For nearly two decades researchers have sought a way to target an estrogen receptor in the hope they could improve breast cancer survival, but an article published today in Nature Communications contends that the effort may never pan out. The reason? The target receptor does not actually appear to be where they believe it to be.
Swedish author, playwright, comedian and artist Jonas Gardell was named as this year’s recipient of the KTH Stora Pris (Great Prize). Gardell has worked on behalf of the disenfranchised for many years and been recognized with a variety of honors and prizes.
In some businesses – like supermarkets and restaurants – local restrictions on nighttime deliveries leave distributors no choice but to dispatch trucks during morning rush hours. But lifting these rules could reduce peak traffic volumes and increase transport efficiency, according to a recent study.
The strongest yet hybrid silk fibers have been created by scientists in Sweden using all renewable resources. Combining spider silk proteins with nanocellulose from wood, the process offers a low-cost and scalable way to make bioactive materials for a wide range of medical uses.
The first analysis of the physical arrangement of proteins in cells was published today in Science, revealing that a large portion of human proteins can be found in more than one location in a given cell.
For road vehicles, wind resistance increases fuel consumption. But one way to fight wind is with wind. Researchers in Sweden are experimenting with reducing drag on trucks with electric wind devices that mimic the way vortex generators increase lift on airplane wings.
Researchers at KTH Royal Institute of Technology are planning the clinical trial of a new treatment for nonalcoholic fatty liver disease and type 2 diabetes which harnesses liver cells’ own ability to burn accumulated fats.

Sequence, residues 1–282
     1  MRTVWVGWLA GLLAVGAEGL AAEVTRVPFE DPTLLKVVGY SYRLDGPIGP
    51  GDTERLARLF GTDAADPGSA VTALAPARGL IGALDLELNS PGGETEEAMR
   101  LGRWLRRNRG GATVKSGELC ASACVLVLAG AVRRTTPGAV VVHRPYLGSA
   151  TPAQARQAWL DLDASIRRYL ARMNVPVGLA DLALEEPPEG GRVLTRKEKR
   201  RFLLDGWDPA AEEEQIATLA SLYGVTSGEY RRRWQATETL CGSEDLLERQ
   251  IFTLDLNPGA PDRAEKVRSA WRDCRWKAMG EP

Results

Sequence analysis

In the end of February, the Swedish Research Council announced their decision regarding grants in Natural and Engineering Sciences. Four research groups from KTH received a total of 96 million SEK, and one of them is led by Håkan Hjalmarsson, professor in automatic control.
Every molecule holds a complex landscape of moving atoms – and the ability to single out and examine individual nuclear vibrations may unlock to the secret to predicting and controlling chemical reactions. Now, a new method, developed by researchers in Sweden, enables biotech researchers to do just that.
Even though it is hotter than the surface of the Sun, the crystallized iron core of the Earth remains solid. A new study from KTH Royal Institute of Technology may finally settle a longstanding debate over how that’s possible, as well as why seismic waves travel at higher speeds between the planet’s poles than through the equator.
By all appearances, cows have little in common with spiders. Yet despite the two species’ obvious differences, new research shows that ordinary milk can be used to spin artificial silk – a breakthrough that could open new doors for alternative plastics and regenerative medicine.
If you’ve ever been startled by the sudden appearance of an ambulance while blasting music in your car, then you appreciate the value of a loud siren. Fortunately, your car is probably equipped already to receive warning signals on its audio system, thanks to a new solution developed by students at KTH.
The rollout of Sweden’s first wireless charging buses earlier this month was coupled with something the rest of the world could use – namely, a tool for cities to determine the environmental and financial benefits of introducing their own electrified bus networks.
Researchers from Science for Life Laboratory at KTH have achieved another significant milestone in the wake of the completion of the human genome in 2001. At the 2016 American Society of Cell Biology Meeting in San Francisco earlier this month, they presented the Cell Atlas, an open-access interactive database with unparalleled high-resolution images which visualizes for the first time the location of more than 12,000 proteins in cells.
It’s only a matter of time before drugs are administered via patches with painless microneedles instead of unpleasant injections. But designers need to balance the need for flexible, comfortable-to-wear material with effective microneedle penetration of the skin. Researchers from KTH Royal Institute of Technology in Stockholm say they may have cracked the problem.